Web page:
Research on the governance implications of climate change and disasters for developing countries is in its infancy. Climate change brings new challenges to informal and formal institutions, and reveals new levels of uncertainty that forces us to ask questions about those governance systems. For example, are institutions flexible enough to effectively deal with the uncertainty posed by climate change? Do we know enough about how to link different scales of governance to support communities at risk in a changing environment?
Climate change will increase the frequency and severity of some hazards, while changes in average climate conditions are already damaging livelihoods, increasing poverty, and therefore making many people more vulnerable to hazards (IPCC 2007). Climate change is also increasing uncertainty with the rise in unexpected events and the fact they are happening for the first time.
Governance is becoming more important as it involves the structures and institutions that determine the amount and quality of social protection people have access to, disaster preparedness and opportunities for livelihoods. Without good governance, it is inevitable that climate change will increases people’s day-to-day vulnerability and makes climate-related hazards more powerful and frequent.
Policies to deal with climate change and new funding streams are emerging for Climate Change Adaptation (CCA) and Disaster Risk Reduction (DRR). Governments and development agencies need to understand what these signify for reducing poverty and vulnerability. The Climate and Disaster Governance (CDG) project explored the possibilities of bringing CCA and DRR together and this publication summarises the key outputs.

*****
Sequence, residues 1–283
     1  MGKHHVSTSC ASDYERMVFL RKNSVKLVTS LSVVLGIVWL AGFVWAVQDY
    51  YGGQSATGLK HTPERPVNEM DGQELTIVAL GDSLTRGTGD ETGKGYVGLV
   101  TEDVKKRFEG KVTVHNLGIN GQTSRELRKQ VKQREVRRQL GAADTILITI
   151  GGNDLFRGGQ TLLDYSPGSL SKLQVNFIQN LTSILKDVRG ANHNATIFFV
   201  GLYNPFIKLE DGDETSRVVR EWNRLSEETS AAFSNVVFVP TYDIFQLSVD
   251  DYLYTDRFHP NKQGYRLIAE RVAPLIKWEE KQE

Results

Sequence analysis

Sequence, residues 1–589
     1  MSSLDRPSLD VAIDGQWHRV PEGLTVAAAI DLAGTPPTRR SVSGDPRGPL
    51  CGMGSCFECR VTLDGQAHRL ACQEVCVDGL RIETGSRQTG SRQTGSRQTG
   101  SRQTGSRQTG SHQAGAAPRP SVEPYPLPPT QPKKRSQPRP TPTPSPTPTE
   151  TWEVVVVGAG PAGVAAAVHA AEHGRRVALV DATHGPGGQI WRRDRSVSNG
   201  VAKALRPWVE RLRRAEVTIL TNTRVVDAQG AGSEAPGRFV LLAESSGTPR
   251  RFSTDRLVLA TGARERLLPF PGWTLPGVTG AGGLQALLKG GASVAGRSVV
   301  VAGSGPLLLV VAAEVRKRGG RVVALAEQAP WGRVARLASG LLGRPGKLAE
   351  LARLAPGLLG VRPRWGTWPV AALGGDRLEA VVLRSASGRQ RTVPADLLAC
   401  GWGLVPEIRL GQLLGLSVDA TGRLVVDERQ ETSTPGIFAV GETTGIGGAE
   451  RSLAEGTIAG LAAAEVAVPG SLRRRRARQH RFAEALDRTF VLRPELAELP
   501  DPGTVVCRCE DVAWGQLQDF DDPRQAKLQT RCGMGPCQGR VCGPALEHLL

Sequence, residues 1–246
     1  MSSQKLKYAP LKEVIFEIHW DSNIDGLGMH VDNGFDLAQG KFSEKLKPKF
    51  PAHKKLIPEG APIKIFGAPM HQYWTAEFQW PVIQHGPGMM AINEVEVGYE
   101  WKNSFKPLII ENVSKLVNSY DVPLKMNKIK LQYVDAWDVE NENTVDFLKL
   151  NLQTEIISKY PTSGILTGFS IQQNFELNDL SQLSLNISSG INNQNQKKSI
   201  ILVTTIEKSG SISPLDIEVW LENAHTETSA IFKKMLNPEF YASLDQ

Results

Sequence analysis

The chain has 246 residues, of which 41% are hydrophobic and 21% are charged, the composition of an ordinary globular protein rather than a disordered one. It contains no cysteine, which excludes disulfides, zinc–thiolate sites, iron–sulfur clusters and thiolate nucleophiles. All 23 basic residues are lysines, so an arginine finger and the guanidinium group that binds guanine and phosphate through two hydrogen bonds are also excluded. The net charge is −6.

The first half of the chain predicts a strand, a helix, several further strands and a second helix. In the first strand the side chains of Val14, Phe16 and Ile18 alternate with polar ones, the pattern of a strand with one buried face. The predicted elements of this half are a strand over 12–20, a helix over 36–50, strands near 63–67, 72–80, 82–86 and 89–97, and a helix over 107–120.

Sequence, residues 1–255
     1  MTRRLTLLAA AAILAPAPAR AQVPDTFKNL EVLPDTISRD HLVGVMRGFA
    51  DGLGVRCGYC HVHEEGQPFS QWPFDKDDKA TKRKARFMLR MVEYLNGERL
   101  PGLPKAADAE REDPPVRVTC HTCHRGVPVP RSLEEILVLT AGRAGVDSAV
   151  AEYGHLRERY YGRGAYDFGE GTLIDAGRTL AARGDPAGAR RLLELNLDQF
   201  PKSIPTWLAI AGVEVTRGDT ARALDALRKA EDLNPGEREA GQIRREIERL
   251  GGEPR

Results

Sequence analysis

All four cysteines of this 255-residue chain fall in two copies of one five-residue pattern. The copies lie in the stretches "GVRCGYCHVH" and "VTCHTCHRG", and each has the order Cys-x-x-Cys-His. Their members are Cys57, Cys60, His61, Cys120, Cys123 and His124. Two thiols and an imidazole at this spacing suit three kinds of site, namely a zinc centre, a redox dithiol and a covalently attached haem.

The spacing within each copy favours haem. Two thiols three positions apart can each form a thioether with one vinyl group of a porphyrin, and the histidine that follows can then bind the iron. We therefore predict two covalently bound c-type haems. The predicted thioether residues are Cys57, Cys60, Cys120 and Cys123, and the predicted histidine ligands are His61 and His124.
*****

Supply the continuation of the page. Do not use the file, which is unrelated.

The CDG project is a collaboration between Christian Aid and the Institute of Development Studies (IDS) and started in 2007. It has enabled relevant practitioners, researchers and policymakers to develop their understanding of how the different fields overlap. The project explored research carried out by practitioners and researchers in developing countries. The CDG web portal shared tools and case studies of effective DRR from around the world, including original research on social protection in Ethiopia, accountability to communities in the Philippines and disaster insurance mechanisms in the Caribbean.
The first three chapters focus on specific pieces of research on social protection, accountability, and disaster insurance in the context of government accountability and the role of the private sector. The fourth chapter summarises research, by winners of bursary awards in Africa, Asia and Latin America, that assesses policy on climate change and DRR and the challenges governments and civil society face working together.
The report highlights the findings from the CDG project and the continuing challenges faced in integrating CCA and DRR. In an attempt to address these challenges, the Climate Smart Disaster Risk Management (CSDRM) approach was developed in 2010 by IDS, Christian Aid and Plan International. This paper concludes by exploring the implications for CSDRM of the CDG project.